[Listen to an audio version of this blog HERE.]
The other day, a friend told me I'm an eating disorder "subject matter expert" and I laughed. Anecdotally, I have experience living with an eating disorder and going through treatment. I've talked to lots of doctors and psychologists and dietitians. I've talked with lots of other men and women who have suffered. I've researched eating disorders extensively in an attempt to figure out my own brain.
One of the most common questions I receive through this blog is how to help someone who might be suffering. People want to know how they can help, or if it's even possible to support someone who struggles with any form of disordered eating. Food is incredibly personal, and it can be tricky to talk about food or eating without triggering negative emotions in anyone, much less someone with an eating disorder. It's also not possible to help someone who doesn't want to be helped. Numerous friends and teammates came to me to see if I was okay prior to me actively seeking treatment. None of their outreach spurred me to seek help though. Keep in mind that people are inherently unchangeable.
First, I need to say that eating disorders look different on everyone and they aren't always visible. Some people look emaciated, some may appear to be overweight, and some may appear to be physically very health. Eating disorders are mental disorders with physical side effects. Eating disorders (or disordered eating) are a cluster of mental health conditions that revolve around unhealthy eating habits and patterns. Although the most commonly referenced eating disorders are Bulimia Nervosa, Anorexia Nervosa, and Binge Eating Disorder there are other forms of eating disorders, typically grouped under the single umbrella of Eating Disorder-Not Specified. This diagnosis is usually given to individuals who do not exhibit the specific symptoms of Anorexia Nervosa (withholding food from oneself), Bulimia Nervosa (purging after eating), or Binge Eating Disorder (BED) but still exhibit symptoms of disordered eating, such as:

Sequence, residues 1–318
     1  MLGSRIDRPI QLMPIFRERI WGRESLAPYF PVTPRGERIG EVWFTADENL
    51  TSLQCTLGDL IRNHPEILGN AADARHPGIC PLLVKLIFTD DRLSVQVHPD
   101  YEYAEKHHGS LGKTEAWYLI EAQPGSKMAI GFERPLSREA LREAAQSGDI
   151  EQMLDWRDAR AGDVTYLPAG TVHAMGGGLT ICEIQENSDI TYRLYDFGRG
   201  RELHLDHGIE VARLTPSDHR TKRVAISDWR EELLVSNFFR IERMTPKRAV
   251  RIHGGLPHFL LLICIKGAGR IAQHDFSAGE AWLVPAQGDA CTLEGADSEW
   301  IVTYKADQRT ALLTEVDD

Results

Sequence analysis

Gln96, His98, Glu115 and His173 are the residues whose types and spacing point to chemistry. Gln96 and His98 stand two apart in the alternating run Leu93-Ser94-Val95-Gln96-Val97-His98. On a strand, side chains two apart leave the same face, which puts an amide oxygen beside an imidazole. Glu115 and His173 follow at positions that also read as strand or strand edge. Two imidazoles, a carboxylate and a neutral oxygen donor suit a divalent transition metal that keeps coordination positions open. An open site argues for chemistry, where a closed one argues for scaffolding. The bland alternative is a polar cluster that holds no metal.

1. Dressing in layers.
Attempting to hide weight (either excess weight or inadequate weight) can demonstrate a decline in mental health. People with eating disorders will often go to great measures to change their bodies. They might feel uncomfortable or unsafe in their bodies and dressing in layers may help mitigate these fears.
2. A fixation on weight or eating. Although focusing on improving one’s health is not inherently bad, individuals with eating disorders will fixate on eating habits, exercise regimens, and weight. They may obsessively research nutrition, workout incessantly, or show other signs of compulsive weight-controlling behaviors.
3. Difficulty eating with others. This is one of the most obvious signs that something is wrong. Individuals with eating disorders might feel shame or embarrassment when eating and may therefore try to avoid eating in the presence of others.
4. Developing food-based rituals and routines. Some people with eating disorders create rituals and routines around food as a way to exert some degree of control over their bodies. Common rituals include: cutting out entire food groups, eating within specific time frames, not allowing food to touch, or performing certain rituals around food, such as only eating while watching TV.